On the asset side of the special transaction account, the IMF would accept all means of reserves, regardless of the currency or the maturity. However, given the current foreign-exchange reserve composition, short-run US Treasury bills are likely to dominate. An interest-rate risk exists whenever the interest rate received is less than the corresponding interest rate to be paid for STRs. To eliminate this risk as much as possible, the compositions of the asset and the liability side should be as similar as possible. In other words, whenever a foreign-exchange reserve asset matures, it is reinvested by the IMF according to the underlying key of the STR basket. Hence, the STR composition should also reflect the preferences of global reserve diversification by IMF members. However, the weights need to also reflect the depth in the respective markets. In the presence of an obstacle – for example the fear that unwanted exchange rate movements would arise – then the shift in composition of the asset side could be delayed.

The IMF-led foreign-exchange reserve management would therefore involve transforming the asset side of the special transaction account over time so that it would resemble the basket components of the liability side. Once this is achieved, the interest rate risk would cease to exist. In case a currency is currently not used as an actual foreign-exchange reserve, say the Brazilian real, but is included in the basket, the IMF’s task would be to introduce the currency on the asset side of the special transaction account.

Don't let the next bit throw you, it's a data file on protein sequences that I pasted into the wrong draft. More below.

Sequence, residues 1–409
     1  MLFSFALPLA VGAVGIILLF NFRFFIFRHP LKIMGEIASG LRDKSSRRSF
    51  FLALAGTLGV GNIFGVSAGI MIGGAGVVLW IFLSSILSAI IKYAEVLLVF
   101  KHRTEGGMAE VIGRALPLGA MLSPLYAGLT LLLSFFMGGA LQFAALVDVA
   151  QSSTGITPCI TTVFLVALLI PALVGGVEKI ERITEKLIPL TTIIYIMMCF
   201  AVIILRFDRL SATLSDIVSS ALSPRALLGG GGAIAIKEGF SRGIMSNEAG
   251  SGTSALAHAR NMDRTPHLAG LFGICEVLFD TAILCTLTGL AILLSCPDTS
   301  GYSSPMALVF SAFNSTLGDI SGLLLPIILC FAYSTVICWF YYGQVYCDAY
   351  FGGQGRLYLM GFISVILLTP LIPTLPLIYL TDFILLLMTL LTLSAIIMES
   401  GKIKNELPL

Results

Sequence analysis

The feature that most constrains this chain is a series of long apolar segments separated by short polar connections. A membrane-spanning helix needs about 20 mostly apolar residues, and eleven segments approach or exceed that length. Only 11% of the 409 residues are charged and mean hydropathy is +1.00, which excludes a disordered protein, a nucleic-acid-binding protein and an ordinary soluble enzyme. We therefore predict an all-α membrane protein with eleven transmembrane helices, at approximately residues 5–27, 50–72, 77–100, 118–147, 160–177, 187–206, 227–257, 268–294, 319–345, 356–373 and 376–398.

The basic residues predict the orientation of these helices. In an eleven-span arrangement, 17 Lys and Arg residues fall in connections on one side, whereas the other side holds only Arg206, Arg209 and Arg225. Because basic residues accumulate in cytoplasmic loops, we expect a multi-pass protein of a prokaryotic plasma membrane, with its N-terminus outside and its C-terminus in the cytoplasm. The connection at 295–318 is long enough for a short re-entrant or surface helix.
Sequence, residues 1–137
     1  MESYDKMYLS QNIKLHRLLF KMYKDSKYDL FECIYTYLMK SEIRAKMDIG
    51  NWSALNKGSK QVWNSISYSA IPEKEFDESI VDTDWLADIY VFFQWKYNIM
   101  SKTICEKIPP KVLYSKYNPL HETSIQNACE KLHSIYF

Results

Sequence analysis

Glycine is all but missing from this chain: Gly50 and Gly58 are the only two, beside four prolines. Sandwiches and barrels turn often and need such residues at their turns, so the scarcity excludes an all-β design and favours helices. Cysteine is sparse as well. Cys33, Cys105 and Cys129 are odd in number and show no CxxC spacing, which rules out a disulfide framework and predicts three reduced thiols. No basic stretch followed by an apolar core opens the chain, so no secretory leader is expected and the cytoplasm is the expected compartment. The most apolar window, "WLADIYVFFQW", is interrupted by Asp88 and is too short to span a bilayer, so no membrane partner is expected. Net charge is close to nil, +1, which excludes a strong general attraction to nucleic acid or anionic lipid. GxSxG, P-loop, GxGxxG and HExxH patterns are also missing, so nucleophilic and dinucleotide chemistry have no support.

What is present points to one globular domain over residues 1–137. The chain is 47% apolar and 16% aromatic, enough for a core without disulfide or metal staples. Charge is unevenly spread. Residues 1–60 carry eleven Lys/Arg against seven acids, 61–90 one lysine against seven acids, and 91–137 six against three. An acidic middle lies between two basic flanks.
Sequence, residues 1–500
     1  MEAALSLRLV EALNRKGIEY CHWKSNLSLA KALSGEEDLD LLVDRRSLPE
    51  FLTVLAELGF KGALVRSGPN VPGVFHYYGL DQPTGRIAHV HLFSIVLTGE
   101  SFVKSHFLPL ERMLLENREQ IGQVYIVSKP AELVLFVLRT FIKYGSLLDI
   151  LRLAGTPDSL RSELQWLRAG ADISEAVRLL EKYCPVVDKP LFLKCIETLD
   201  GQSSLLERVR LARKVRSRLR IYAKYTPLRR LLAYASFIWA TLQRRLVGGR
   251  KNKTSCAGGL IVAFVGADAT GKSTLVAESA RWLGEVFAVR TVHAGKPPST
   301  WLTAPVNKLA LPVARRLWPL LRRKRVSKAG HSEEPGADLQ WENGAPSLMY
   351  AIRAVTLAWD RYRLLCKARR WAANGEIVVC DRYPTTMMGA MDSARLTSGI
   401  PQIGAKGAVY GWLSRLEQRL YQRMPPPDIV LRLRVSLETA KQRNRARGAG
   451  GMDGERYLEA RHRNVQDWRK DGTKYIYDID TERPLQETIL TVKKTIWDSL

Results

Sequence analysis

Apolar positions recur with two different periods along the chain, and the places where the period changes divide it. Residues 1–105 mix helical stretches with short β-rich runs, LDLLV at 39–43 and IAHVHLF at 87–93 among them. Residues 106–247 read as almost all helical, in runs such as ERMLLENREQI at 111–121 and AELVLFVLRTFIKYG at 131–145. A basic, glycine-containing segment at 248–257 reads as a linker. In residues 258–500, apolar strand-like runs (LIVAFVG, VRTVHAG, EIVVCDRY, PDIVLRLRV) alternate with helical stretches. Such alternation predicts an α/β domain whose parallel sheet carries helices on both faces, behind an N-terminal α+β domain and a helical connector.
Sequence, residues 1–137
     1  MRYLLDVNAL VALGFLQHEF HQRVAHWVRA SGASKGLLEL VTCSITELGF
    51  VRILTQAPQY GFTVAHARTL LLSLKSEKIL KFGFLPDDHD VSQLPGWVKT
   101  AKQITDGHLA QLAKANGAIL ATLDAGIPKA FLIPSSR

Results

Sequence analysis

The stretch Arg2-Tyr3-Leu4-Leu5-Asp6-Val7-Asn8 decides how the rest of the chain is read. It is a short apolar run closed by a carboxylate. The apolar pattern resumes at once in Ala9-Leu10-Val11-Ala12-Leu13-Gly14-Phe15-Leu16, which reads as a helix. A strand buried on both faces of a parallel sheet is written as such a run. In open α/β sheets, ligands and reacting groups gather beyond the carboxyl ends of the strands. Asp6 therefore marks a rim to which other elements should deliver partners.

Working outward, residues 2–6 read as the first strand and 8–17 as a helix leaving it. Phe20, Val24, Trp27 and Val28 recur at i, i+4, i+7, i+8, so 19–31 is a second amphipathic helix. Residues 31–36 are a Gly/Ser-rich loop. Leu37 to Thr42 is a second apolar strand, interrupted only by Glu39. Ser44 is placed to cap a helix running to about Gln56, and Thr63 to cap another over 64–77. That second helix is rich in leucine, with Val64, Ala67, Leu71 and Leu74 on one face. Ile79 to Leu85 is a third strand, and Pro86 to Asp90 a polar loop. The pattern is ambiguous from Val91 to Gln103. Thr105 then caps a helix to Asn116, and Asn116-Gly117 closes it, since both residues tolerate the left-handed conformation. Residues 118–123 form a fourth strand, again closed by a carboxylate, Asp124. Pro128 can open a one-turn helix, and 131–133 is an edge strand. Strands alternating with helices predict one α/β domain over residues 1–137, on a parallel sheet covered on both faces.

The advantages of the Special Transaction Rights are plentiful:

  • First, it would be a very easy mean of reserve diversification, which would be an average interest bearing instrument of the world economy.
  • Second, the diversification – primarily away from the dollar – would be not done unilaterally by an individual country, but by the IMF in a coordinated approach taking the stability of the international monetary system into due consideration.
  • Third, this diversification away from the dollar could not be interpreted as a tactical manoeuvre, insider trading within the central bank community or a hostile act by individual actors. In addition, this would also better reflect the multi-polarity of present day world economy.
  • Fourth, the IMF could help especially emerging markets in their effort to build-up their own, open and deeper bond markets.
  • Fifth, this would all in all reflect better interconnectedness, interdependence and ownership of the well-being of the international monetary system.
  • Sixth, to further minimise consequences for the system of the exchange rate, the total amount of allocated STRs could be phased in slowly from year to year.
  • Last but not least, further features could be imagined, like an anchor function to other fixed currencies or a factoring function for commodities.

References

Vines, David (2010), “European financial vulnerability and the need for a rules-based international monetary system”, VoxEU.org, 4 June.

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Topics:  Global crisis International finance International trade

Tags:  IMF, Special drawing rights, International Monetary System, Special Transaction Rights, Bretton Woods

Martin Skala

Professor of Economics, FOM University